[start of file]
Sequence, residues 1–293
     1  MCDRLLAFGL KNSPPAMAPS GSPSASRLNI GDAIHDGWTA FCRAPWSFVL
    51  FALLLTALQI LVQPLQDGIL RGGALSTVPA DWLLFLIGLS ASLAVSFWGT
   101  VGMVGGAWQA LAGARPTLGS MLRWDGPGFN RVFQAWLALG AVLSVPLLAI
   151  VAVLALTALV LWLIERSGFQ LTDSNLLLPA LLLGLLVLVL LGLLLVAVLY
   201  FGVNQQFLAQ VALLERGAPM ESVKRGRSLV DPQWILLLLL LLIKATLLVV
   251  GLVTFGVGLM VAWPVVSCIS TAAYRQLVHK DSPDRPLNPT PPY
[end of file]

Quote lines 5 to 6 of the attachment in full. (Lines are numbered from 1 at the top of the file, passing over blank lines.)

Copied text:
   151  VAVLALTALV LWLIERSGFQ LTDSNLLLPA LLLGLLVLVL LGLLLVAVLY
   201  FGVNQQFLAQ VALLERGAPM ESVKRGRSLV DPQWILLLLL LLIKATLLVV